Open Letter to Santa Barbara County Board of Supervisors:

As an avocado grower in the Carpinteria Valley I would like to express my increasing concern about the cannabis operations in our area. The cannabis industry has obtained extremely high toxicity standards for its plants which are mainly grown in greenhouses. These standards, which are strongly claimed as necessary to protect their plants, may or may not be necessary. But the insistence on these inflated plant tolerances has one important and harmful side effect. It puts non-cannabis growers adjacent to their facilities in some peril.

For many growers here, be they avocado, vegetable or even flower growers, it is necessary to control seasonal pests on these crops. Spraying, using approved, safe, and effective materials, has been done for years, until now. The cannabis industry’s insistence that their purity standards are inviolate has had a chilling effect on local farm operations. Some spray operators, whether aerial or ground,, have already said they will not be apply to apply the materials this year, citing farm proximity to a grow operation.

We cannot sell fruit that is scarred and damaged from pests like thrips and persea mites. The damage done in these cases is particularly acute for smaller farms. These are often family businesses that may have much or all of their acreage adjacent to a grow operation. Combine this with the present cannabis acreage, and the proposed increase in area and the true extent of the problem emerges.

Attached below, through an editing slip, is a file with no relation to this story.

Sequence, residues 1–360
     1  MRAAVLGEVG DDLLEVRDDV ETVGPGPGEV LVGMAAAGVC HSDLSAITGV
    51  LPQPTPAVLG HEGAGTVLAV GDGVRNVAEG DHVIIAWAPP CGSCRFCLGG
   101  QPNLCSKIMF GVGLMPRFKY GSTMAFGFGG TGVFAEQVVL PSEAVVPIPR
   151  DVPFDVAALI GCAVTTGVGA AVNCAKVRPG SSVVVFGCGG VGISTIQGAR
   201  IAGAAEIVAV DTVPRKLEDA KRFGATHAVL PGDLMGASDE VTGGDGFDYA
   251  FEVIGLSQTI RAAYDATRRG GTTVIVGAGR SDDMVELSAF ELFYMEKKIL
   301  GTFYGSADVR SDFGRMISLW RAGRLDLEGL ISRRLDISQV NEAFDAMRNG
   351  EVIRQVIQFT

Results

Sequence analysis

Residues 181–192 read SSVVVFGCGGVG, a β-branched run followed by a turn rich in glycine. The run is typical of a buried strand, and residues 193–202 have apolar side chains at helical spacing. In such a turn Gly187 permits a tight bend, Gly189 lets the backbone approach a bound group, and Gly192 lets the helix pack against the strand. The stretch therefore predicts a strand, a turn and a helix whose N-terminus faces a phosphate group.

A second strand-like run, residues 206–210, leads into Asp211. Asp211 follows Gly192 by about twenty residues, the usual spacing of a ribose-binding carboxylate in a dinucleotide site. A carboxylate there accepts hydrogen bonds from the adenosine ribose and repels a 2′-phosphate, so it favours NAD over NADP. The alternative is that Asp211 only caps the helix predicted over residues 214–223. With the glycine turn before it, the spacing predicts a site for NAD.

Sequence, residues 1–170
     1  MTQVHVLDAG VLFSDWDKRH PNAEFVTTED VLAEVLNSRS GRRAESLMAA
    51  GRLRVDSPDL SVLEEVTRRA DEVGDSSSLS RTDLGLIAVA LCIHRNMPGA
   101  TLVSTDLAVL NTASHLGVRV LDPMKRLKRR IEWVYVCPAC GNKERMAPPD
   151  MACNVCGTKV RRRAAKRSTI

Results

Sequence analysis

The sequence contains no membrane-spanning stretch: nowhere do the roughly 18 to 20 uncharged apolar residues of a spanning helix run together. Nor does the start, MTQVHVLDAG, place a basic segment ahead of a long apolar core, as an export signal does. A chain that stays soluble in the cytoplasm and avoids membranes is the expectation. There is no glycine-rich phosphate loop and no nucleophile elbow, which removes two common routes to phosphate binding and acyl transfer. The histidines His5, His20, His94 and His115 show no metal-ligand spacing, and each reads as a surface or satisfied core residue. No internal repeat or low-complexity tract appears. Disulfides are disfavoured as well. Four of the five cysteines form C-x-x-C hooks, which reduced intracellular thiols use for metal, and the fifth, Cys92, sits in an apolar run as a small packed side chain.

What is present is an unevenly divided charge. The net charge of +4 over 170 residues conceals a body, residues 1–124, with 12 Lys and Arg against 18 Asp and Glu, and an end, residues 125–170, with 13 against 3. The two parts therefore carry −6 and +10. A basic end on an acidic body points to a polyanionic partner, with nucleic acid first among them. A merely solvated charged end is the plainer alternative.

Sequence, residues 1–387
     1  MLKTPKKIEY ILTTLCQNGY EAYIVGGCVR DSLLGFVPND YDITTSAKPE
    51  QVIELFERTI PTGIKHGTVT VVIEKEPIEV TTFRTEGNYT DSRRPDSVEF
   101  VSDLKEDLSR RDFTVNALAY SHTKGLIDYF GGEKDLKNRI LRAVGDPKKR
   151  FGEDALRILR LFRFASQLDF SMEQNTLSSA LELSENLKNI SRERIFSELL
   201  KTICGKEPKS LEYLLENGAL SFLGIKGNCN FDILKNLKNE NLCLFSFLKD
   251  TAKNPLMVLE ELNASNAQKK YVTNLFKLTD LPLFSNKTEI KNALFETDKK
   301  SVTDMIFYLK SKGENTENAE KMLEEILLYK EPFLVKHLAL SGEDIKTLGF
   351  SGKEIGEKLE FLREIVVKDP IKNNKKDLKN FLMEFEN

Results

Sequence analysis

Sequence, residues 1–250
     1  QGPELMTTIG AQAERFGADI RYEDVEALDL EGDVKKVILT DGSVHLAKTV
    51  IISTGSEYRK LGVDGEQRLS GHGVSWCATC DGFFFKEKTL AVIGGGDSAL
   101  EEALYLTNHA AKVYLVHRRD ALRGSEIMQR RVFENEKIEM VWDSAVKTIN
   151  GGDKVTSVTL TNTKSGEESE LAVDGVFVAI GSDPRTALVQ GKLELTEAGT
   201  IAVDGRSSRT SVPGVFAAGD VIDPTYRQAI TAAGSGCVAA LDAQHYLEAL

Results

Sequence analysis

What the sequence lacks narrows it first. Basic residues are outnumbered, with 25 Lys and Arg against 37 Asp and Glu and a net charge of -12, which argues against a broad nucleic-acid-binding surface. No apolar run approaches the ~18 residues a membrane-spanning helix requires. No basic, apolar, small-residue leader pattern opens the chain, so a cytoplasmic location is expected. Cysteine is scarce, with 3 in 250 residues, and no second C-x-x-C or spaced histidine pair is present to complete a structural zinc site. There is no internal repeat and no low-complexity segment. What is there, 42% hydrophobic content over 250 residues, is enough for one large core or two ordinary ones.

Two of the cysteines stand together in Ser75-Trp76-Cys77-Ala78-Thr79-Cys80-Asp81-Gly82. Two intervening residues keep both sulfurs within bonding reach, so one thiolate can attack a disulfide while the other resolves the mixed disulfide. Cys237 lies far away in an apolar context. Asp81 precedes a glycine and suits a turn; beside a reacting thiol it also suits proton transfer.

For some non-cannabis farms this danger is beyond a nuisance; it is existential. If we non-cannabis farmers cannot get a fair and equitable price for our crops then we must look elsewhere to support ourselves. Selling existing farmland for more housing projects or to a vastly expanding cannabis industry is an unpleasant but distinct possibility. This is a future that few Carpinterians would embrace.

One important tool to reverse such an event lies right at hand before you, the Board of Supervisors. You could and should order the County Planning department to include the Coastal Zone in its evaluation of a ban on cannabis production on AG-1 parcels less than 20 acres.

Santa Barbara County has quickly become perhaps the biggest locus of the California cannabis industry. The Carpinteria Valley in turn has become the driving engine for this local surge of cannabis sprawl. We farmers may be on the wrong side of historical inevitability on this issue, but I think not quite yet. With some help from you we may be able to bring some balance to our agricultural future.

I urge you at a minimum to extend the ban on cannabis production on AG-1 parcels less than 20 acres. Also to specifically extend this restriction to the Coastal Zone including, of course, the Carpinteria Valley.


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